Zomato has hit a milestone in the Indian food-delivery sector by successfully pilot-testing drone-delivery.
However, rolling out its service may be a different story, given the country’s labyrinthine rules and regulations. In any case, private individual drone-enthusiasts kicked by the Gurugram-based company’s initiative be warned: You have no clue what you are getting into.
Yesterday (June 12), Zomato’s drone flew a distance of 5 kilometres in “about 10 minutes” at a peak speed of 80 kilometres per hour, carrying a payload of 5 kilograms. In December 2018, Zomato had acquired TechEagle, a Lucknow-based drone startup, which it had said would help create “a hub-to-hub delivery network powered by hybrid multi-rotor drones.”
Zomato’s recent experiment—though done at a remote site approved by the directorate general of civil aviation (DGCA)—is a milestone for the Indian food tech space. “The only possible way to reduce the average 30.5 minutes (average time required for Zomato’s biker fleet to deliver food) to 15 minutes is to take the aerial route—roads are not efficient for very fast delivery,” Deepinder Goyal, founder and CEO of Zomato, said in a blog post.
The test comes seven months after the Indian government lifted a 2014 ban that deemed flying drones in India illegal.
Flying a drone in India is, however, not just about buying one from Amazon and taking off. Private drone enthusiasts would be served well by heeding the advice of a bunch of YouTubers on this subject.
On Dec. 1, 2018, India launched the Digital Sky website to enable registration of drones, pilots, and operators. The first step is to fill out a registration form (that appears simple and has a pretty intense captcha verification), for individuals as well as companies.
The registration options can, however, confuse a layperson.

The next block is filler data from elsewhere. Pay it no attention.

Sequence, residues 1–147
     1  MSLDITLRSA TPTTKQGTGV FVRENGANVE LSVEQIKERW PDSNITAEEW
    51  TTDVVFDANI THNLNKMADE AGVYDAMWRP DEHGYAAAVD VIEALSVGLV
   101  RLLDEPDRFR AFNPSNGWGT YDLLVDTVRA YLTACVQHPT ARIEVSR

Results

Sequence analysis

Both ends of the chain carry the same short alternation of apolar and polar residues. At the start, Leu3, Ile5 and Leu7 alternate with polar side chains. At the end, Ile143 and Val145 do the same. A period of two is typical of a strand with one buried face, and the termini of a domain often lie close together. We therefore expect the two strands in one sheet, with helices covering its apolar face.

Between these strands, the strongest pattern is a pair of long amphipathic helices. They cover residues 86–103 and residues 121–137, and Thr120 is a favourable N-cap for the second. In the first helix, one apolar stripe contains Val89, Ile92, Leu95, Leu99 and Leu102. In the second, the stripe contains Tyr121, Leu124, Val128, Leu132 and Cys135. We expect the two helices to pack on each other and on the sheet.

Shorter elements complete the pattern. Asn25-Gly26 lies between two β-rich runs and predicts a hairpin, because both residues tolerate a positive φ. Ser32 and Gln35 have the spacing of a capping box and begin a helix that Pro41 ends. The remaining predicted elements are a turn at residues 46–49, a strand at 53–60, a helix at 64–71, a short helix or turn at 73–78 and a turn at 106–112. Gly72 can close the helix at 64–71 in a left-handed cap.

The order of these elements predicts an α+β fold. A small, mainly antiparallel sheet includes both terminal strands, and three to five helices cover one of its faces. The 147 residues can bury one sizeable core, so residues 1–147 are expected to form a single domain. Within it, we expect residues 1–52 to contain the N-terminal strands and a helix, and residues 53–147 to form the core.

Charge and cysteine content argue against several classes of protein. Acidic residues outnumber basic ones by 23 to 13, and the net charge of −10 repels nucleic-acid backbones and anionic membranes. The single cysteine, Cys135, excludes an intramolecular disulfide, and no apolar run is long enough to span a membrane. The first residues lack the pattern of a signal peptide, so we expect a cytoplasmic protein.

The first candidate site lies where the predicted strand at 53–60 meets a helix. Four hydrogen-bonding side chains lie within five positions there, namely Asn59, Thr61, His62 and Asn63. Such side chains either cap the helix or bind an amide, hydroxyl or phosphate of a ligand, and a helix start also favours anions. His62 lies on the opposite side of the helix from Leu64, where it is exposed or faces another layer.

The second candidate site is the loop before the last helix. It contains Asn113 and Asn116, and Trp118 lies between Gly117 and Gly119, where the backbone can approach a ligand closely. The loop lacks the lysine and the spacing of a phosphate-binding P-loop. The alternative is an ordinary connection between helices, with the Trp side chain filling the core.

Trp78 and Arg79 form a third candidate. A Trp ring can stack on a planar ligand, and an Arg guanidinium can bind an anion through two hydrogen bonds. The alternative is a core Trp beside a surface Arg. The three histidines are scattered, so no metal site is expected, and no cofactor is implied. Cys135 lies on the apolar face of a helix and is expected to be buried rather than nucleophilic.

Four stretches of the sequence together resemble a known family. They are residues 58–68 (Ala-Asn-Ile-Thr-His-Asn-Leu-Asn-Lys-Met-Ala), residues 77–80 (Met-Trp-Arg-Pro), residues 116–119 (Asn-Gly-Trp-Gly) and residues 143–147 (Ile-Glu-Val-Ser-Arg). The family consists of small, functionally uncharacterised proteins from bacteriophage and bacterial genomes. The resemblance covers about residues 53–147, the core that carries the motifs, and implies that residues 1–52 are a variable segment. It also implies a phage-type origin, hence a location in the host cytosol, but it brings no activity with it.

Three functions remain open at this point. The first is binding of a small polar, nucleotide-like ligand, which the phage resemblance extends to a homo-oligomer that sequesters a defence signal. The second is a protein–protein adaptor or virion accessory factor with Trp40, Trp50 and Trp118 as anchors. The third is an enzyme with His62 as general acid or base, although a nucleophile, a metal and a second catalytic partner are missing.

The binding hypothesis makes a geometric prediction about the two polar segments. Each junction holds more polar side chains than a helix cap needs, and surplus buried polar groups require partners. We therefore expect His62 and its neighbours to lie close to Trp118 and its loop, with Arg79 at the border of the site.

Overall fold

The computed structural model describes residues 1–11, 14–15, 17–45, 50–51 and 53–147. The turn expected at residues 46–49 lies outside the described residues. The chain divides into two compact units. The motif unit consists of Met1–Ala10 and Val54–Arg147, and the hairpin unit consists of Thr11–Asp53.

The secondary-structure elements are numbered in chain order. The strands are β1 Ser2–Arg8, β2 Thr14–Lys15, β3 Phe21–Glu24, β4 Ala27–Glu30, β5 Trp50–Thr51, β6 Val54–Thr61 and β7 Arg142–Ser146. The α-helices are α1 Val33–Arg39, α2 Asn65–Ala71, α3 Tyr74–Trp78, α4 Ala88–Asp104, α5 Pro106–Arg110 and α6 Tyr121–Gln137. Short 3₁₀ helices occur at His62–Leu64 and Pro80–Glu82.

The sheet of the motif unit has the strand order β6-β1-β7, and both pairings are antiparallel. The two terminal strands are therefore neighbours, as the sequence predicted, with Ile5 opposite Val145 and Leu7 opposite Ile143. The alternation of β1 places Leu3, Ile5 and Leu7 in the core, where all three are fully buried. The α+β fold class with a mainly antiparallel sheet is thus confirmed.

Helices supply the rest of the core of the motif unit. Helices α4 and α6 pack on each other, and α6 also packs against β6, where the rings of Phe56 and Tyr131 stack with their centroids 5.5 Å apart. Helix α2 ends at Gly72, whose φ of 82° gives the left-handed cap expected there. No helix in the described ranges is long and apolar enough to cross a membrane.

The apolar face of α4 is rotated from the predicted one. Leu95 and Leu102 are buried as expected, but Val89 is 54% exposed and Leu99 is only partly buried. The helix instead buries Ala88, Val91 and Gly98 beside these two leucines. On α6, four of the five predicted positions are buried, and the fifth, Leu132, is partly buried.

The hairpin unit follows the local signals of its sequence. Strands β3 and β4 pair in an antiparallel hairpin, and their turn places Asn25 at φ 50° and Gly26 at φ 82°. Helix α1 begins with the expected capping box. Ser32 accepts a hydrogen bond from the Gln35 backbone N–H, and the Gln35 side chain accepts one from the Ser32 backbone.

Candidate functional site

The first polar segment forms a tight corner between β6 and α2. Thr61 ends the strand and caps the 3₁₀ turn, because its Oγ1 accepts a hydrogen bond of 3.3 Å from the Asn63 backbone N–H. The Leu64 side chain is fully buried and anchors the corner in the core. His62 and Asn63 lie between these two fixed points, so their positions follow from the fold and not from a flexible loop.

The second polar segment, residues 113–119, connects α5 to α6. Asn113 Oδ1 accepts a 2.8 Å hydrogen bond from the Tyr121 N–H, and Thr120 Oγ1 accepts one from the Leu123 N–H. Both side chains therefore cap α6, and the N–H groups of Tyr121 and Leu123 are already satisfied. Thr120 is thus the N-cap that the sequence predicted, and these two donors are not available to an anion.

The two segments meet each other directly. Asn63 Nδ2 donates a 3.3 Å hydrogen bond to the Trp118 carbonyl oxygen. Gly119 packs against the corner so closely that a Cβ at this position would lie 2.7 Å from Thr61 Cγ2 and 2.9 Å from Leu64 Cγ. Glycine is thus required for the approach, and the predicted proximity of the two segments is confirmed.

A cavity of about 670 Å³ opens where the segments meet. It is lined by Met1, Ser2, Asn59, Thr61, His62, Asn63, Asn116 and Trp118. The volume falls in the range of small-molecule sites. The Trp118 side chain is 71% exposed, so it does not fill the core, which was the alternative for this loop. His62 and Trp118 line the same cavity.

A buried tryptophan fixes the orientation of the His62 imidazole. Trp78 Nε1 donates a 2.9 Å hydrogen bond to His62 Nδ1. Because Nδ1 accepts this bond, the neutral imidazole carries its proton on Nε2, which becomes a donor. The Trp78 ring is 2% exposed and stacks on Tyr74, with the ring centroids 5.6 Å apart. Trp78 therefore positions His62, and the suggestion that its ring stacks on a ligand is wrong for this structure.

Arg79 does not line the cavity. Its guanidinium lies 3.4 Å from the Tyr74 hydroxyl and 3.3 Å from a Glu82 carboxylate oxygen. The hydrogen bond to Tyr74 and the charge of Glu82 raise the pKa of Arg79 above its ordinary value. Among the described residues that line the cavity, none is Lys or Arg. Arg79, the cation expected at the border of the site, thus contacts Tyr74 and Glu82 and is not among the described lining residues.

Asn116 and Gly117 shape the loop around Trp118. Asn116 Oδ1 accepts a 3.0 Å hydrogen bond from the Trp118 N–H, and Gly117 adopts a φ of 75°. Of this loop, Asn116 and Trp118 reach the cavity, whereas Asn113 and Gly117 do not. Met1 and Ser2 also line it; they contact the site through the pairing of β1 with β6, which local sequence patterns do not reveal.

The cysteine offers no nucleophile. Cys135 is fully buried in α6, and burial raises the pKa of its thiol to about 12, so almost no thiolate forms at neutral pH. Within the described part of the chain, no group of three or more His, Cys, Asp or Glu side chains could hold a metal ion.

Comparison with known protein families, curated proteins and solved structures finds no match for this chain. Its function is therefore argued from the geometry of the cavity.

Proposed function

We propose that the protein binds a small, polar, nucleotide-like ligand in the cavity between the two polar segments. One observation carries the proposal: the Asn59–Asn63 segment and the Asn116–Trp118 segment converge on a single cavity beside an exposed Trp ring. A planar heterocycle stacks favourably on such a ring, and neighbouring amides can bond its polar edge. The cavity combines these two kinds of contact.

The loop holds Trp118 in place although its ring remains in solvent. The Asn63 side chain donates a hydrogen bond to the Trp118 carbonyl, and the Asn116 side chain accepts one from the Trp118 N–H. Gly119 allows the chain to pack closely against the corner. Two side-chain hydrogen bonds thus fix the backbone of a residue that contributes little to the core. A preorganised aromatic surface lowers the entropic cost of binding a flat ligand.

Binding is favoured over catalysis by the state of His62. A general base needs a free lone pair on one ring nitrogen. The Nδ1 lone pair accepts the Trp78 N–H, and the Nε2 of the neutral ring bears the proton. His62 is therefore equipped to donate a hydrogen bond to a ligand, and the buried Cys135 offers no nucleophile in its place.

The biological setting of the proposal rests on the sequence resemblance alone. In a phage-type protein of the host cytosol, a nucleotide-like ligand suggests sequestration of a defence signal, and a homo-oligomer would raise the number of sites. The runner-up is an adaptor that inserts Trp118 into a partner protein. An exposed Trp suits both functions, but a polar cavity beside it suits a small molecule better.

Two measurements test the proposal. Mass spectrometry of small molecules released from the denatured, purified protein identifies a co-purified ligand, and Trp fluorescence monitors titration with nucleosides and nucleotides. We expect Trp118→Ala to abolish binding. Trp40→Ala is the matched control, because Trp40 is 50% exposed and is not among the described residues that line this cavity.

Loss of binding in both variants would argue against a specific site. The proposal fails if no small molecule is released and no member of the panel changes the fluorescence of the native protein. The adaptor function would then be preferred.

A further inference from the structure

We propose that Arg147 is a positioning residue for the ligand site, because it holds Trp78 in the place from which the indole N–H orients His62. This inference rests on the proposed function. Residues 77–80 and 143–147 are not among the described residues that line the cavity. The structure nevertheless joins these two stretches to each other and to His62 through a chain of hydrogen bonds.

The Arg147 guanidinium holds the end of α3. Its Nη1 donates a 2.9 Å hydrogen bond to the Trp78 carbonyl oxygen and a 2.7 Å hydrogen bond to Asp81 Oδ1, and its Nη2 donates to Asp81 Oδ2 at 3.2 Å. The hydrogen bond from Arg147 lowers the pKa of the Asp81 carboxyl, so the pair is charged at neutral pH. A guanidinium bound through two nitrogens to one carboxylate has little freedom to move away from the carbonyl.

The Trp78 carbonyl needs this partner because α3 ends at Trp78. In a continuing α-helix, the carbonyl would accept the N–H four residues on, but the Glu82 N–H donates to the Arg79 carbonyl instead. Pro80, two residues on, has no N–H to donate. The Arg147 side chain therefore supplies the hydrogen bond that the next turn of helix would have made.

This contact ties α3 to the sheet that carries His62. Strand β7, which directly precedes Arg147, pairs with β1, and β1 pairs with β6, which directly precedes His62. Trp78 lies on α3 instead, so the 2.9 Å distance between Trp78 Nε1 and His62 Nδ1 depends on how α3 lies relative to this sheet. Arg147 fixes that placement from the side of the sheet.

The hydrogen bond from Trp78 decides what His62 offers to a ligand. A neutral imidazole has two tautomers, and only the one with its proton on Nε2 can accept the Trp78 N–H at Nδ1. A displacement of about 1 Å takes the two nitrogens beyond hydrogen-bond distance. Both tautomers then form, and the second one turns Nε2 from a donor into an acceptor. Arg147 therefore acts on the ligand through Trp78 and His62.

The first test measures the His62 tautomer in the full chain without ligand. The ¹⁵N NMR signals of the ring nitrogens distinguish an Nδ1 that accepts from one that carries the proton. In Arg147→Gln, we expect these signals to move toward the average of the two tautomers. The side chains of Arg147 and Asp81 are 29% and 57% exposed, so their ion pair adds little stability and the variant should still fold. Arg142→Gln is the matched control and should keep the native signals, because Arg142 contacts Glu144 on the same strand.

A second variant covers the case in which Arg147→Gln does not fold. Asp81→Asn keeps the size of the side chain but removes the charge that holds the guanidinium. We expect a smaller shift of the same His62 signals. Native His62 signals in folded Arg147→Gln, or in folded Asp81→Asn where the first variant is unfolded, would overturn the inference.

In a video published in December 2018, a YouTube user by the name Dronetech Doctor, struggles to choose the category under which he should register. The four available are: remote pilot profile, individual operator profile, operator profile (as an organisation’s representative), and manufacturer profile.
It takes Dronetech Doctor a couple of attempts to figure out which category he fits in, although, his attempt at registering his drone is eventually unsuccessful due to other glitches.
In a more recent video published in April, Dronetech Doctor highlights how the Digital Sky website is still in the beta stage.
Quartz reached out to Digital Sky but did not get a reply.
The elusive training certificate
The Digital Sky website sought a “training certificate” from a governnment-listed institute to register as a pilot. In a video published on YouTube last month, a user called Vedant Rusty explains how that makes registering on Digital Sky “impossible.”
In the six-minute video, Delhi-resident Rusty and a few of his friends, travel 162 kilometres to Hisar in Haryana, to a flying institute recommended on Digital Sky, to get training and certification. However, at the registered address, they are told that the facility does not provide any such certification.
No place for foreigners
Non-Indians cannot fly drones in India. On March 18, popular YouTuber Karl Rock posted a video about getting caught by the local police in the Andaman & Nicobar Islands.
Rock, who left his life in New Zealand for a “mission to visit EVERY state and union territory in India plus India before partition”—so far he has covered 33 of the 36 within India—said the cops threatened to confiscate his drone. They let go after he wrote an apology letter and promised to never fly his drone in India again.
“I learned a lesson and the lesson is that if you are a foreigner, you cannot fly a drone in India at all. You’re just not allowed,” Rock says in the video. “… If you want to fly a drone in India and get some shots in India, you have to have an Indian apply for special permission and fly the drone for you as well.”